Creating a business. Understanding what behaviours you desire from your employees.

 You will need to have identified which managerial strategy is a best fit for your organization, as each strategy comes with a set of desired behaviours. When thoroughly analyzed, your contextual variables will show which managerial strategy is a best fit.

Once you know which managerial strategy would be a best-fit, you can then set behaviour objectives that your structural variables must produce. As an example, a Human Relations strategy would require task and membership behaviours, and usually organizations will also choose to focus on acquiring organizational citizenship behaviours. In order to obtain these behaviours, you will require key employee attitudes, which are impacted by how your policies, procedures and practices are formed. Sometimes even with using this formal structure, you will also have to use an informal approach such as using the organizational culture to reach a set of desired behaviours, or by creating an organizational culture from scratch.

Attitudes create an intention to behave in a certain way and may predict actual behavior under certain conditions. People develop positive work attitudes as a result of their personality, fit with their environment, stress levels they experience, relationships they develop, perceived fairness of their pay, company policies, interpersonal treatment, whether their psychological contract is violated, and the presence of policies addressing work–life conflict.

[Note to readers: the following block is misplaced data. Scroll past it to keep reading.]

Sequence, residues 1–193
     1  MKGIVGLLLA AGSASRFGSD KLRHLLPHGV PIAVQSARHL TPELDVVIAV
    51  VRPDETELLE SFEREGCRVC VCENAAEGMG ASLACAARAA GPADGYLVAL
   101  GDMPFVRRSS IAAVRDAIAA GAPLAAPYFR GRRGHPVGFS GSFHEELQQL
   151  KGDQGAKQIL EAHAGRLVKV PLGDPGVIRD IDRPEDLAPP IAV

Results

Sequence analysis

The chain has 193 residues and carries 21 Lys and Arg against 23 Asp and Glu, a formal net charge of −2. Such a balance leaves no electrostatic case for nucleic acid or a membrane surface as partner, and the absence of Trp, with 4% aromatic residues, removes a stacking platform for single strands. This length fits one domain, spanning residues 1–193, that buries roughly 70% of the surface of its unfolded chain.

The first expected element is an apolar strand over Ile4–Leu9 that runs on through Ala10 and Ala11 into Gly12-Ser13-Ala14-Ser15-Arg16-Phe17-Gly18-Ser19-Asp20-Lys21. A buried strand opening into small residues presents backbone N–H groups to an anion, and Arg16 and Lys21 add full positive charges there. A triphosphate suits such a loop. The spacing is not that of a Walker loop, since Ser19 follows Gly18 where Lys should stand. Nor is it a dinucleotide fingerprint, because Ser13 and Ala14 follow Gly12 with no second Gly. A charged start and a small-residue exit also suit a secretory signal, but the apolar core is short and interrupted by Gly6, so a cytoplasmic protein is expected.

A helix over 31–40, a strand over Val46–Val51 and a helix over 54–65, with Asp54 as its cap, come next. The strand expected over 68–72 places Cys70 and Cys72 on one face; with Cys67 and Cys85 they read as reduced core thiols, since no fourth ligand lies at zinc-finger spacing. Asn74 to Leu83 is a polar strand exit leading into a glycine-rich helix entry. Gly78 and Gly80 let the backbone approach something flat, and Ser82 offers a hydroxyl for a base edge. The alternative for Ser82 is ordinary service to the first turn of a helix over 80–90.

You can support your employees to develop and link their goal commitments with the organizations goals that may result in you understanding job crafting and how the employees interests and skills can be better aligned with their role within the organizations. Using organizational behaviour strategies can also help develop employees to identify a range of abilities, self-awareness, self-management, empathy, and social skills.

Encouraging your group of employees to become less of a group and more of a team will mean you will have to look at the relationships that have been formed, how they are treated by each other, and management, and the work that is being performed. Team members tend to be more motivated to achieve when the reward system in place supports team functions, while at the same time also reflecting individual performance. One suggestion is to ensure the work environment encourages performance, and valence is to give employees choice over rewards, and inform the employees in advance about the pool of rewards being offered.

This is where HR is strategic, not only will you want to achieve required behaviours that are created through key job attitudes based on the managerial strategy you have identified, but you will also need to know how to arrange jobs, what leadership will be, what expectations you require your employees to conform to, not to mention discipline practices (sometimes punishments are not needed extensively or at all) or how you will design these relevant sections to facilitate those behaviours. What will your rewards (intrinsic, extrinsic)  and how will they be used, or how your pay and evaluation system is to be designed (nonetheless, should always be consistent, free of bias, flexible, accurate, ethical and representative!).

You’ve read about on my weblogs so far about the types of organizational or corporate strategies, followed by types of managerial strategies which is one way to align your HR strategy with your business strategy, and now you have just realized how all HR policies, practices, procedures and programs must be designed or updated to reflect your business strategy and objectives.  

A Bridge HR, HRA, or practitioner can support you and your organization through the process of designing a right-fit Human Resources Plan.

Thanks for reading.

 

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